Skip to main content

Posted: by & filed under Health

An advance emergency treatment which can have exceptional results is to be made available to thousands more stroke victims across England.

Called a “mechanical thrombectomy”, the surgical procedure physically removes a blood clot which has caused a stroke. If performed within the first six hours of stroke symptoms appearing, the procedure has been shown in clinical trials to significantly improve survival and recovery rates, and future quality of life.

By restoring blood flow quickly through physically removing the clot, damage to the brain is limited, allowing patients to recover much more quickly, and in some cases completely, with little or no long-term disability. Having thoroughly assessed the treatment, and the costs of implementing it, NHS England plans to make it available at 24 specialist neuroscience centres across the country.

That will mean an estimated 8,000 stroke patients per year benefiting from the revolutionary treatment once it is fully implemented. However, it will take some time to phase it in, beginning this year, as surgeons at the specialist centres are trained to carry out the procedure.

During a stroke caused by a blood clot, the blood flow to parts of the brain is interrupted, often by the clot blocking or partially blocking a major blood vessel in the head. The longer a part of the brain is deprived of blood, the more likely it is that there will be lasting damage, such as paralysis and speech problems.

More traditional treatments involve the patient taking drugs designed to break up the clot, but this can take longer, during which time the lasting damage is done. In a thrombectomy –  also known as “clot retrieval” – a thin metal wire housing a mesh is inserted into a major artery in the leg and guided under X-ray to the site of the clot in the brain. The mesh is then expanded, like a miniature fishing net, to capture and remove the clot, restoring the blood supply.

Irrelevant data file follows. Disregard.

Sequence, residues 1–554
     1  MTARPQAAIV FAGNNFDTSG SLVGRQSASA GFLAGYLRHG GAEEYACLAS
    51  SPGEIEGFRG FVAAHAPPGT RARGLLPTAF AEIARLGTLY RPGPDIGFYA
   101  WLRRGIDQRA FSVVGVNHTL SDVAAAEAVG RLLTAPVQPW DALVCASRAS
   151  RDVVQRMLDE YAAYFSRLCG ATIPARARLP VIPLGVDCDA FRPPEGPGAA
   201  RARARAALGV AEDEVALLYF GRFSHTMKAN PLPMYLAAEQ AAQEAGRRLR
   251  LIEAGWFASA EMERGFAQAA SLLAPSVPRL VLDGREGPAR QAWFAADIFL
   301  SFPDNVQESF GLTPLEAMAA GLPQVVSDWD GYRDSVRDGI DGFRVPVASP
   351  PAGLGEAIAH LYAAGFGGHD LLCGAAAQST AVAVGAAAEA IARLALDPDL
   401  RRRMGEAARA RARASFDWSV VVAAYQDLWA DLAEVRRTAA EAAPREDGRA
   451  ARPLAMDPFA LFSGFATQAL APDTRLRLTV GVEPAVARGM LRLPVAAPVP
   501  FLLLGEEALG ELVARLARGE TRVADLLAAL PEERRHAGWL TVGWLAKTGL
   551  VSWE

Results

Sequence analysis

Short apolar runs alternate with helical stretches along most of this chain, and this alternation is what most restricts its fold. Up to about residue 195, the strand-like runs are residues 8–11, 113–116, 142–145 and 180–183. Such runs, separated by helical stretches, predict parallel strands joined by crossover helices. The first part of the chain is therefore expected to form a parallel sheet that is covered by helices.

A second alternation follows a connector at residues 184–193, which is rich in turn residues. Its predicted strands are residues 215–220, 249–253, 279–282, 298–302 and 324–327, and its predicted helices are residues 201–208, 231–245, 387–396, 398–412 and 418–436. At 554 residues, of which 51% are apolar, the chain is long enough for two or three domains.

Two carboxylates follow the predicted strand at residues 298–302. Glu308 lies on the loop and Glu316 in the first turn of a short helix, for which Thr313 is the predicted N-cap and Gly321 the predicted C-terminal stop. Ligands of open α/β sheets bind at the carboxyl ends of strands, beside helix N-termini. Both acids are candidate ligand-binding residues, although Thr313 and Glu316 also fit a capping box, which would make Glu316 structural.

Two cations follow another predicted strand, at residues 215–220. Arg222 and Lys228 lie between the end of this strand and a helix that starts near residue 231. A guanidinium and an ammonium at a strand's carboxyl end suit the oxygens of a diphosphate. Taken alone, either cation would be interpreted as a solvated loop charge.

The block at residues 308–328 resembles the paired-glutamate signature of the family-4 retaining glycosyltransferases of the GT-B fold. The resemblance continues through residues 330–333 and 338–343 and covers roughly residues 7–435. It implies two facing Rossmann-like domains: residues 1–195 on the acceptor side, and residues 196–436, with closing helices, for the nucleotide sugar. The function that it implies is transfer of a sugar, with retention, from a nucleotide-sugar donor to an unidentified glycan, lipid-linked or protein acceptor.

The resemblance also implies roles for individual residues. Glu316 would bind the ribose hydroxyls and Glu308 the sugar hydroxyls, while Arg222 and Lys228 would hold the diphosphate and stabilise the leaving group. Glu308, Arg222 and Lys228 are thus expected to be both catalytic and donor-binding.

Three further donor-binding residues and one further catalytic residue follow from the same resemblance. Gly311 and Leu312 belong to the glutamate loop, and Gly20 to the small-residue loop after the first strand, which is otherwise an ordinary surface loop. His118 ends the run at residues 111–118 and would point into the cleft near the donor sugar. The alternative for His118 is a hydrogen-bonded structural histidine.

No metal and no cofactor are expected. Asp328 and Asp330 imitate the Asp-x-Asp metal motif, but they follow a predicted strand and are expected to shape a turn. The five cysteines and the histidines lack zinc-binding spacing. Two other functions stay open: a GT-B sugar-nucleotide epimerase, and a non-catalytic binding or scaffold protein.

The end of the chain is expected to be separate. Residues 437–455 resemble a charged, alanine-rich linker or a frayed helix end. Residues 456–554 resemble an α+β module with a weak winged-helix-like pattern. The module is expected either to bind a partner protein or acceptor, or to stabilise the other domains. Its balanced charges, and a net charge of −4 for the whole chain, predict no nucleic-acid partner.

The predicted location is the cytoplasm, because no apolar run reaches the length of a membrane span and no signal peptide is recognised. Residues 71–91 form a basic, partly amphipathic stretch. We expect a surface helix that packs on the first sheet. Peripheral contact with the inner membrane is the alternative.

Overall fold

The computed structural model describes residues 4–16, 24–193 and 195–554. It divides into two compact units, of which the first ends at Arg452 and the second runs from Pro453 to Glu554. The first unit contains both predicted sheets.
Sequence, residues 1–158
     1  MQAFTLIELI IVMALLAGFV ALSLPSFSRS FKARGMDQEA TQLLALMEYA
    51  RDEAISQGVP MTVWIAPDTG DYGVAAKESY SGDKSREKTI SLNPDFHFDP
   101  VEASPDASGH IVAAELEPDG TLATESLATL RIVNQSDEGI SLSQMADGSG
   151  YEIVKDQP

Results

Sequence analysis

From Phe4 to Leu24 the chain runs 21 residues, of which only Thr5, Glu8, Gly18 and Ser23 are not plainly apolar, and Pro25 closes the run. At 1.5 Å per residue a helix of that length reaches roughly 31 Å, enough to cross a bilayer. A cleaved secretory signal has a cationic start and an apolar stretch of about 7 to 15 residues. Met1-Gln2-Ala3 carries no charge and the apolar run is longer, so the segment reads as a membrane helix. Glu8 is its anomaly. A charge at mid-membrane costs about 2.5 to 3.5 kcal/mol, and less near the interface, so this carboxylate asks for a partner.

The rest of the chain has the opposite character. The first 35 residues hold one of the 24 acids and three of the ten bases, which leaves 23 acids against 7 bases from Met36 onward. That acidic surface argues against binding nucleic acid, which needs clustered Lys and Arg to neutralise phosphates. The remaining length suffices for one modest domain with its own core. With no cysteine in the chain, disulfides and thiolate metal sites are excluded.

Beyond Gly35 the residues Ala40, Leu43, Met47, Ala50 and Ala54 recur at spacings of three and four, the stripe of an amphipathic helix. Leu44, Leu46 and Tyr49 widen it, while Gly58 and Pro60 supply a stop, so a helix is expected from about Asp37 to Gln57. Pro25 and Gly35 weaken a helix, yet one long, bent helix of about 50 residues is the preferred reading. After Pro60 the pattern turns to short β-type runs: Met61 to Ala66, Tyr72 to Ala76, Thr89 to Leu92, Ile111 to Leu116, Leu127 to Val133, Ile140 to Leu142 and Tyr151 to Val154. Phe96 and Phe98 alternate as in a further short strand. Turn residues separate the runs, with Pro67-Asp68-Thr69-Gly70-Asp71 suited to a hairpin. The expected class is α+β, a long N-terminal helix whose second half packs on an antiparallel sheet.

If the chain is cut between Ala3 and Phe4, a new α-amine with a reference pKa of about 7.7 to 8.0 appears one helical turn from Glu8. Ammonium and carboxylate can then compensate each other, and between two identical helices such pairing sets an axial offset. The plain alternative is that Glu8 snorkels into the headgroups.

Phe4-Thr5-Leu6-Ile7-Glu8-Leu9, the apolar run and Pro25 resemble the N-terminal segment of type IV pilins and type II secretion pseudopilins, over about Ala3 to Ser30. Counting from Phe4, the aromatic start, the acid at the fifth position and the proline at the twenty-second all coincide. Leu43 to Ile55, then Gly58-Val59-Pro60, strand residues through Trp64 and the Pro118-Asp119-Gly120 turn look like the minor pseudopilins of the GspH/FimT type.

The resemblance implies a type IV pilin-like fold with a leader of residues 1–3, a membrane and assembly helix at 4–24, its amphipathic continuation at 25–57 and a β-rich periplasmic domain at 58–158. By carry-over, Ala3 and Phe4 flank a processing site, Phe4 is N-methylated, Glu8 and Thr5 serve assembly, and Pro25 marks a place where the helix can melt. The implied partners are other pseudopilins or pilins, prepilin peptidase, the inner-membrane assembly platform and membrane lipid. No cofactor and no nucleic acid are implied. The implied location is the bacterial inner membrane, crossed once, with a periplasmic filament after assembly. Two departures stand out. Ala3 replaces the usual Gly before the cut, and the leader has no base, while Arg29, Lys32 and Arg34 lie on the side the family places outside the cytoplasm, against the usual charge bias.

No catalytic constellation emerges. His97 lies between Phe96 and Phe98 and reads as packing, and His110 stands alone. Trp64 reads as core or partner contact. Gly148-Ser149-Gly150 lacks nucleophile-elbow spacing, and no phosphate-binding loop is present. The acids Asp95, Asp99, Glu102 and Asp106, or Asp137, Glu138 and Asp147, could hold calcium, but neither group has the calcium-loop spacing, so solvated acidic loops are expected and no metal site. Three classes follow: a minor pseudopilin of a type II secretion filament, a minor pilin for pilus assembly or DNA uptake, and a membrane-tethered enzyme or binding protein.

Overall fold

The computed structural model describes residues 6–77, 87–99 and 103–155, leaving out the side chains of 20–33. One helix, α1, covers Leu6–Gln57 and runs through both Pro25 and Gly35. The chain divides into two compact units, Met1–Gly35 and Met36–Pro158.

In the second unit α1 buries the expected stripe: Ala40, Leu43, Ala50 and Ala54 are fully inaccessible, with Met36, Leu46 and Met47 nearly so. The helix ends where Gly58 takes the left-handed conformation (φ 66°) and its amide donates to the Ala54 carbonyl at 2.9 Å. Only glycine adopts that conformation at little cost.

In November last year the Royal College of Physicians called for the procedure to be made much more widely available after an audit showed only around 600 patients per year in England were receiving it, due to a lack of trained staff and facilities. It pointed out that introducing the emergency treatment could save the NHS millions in the long-term care of stroke patients suffering long-term disabilities.

Announcing the national rollout of the treatment, Simon Stevens, chief executive of NHS England, said: “This major national upgrade to stroke services puts the NHS at the leading edge of stroke care internationally. It’s another practical example of the NHS quietly expanding innovative modern care that will really benefit patients, but which tends to be invisible in the public debate about the NHS.”

Juliet Bouverie, chief executive of the Stroke Association, welcomed the news, saying: “Thrombectomy is a real game changer which can save lives and reduce the chances of someone being severely disabled after a stroke. Stroke is the fourth biggest killer in the UK, and a leading cause of disability. Current treatment options are limited and do not always work.

“This decision by NHS England could give thousands of critically ill stroke patients an increased chance of making a better recovery. It could mean more stroke survivors living independently in their own homes, returning to work and taking control of their lives again as a result. And this will undoubtedly lower NHS and social care costs for stroke.”

• Acting quickly when a stroke hits can save lives and ensure a better chance of recovery. To recognise the symptoms of a stroke or mini-stroke, think ‘FAST’:

  • Facial weakness – can the person smile? Has their face dropped at one side?
  • Arm weakness – can the person raise both arms and keep them there?
  • Speech – Can the person speak clearly? Is their speech slurred?
  • Time – if you see any of these signs, it’s time to call 999. Stroke is always a medical emergency which requires immediate attention.

To watch Public Health England’s commercial for its ‘Act FAST’ stroke awareness campaign, click here.

« Back to Blog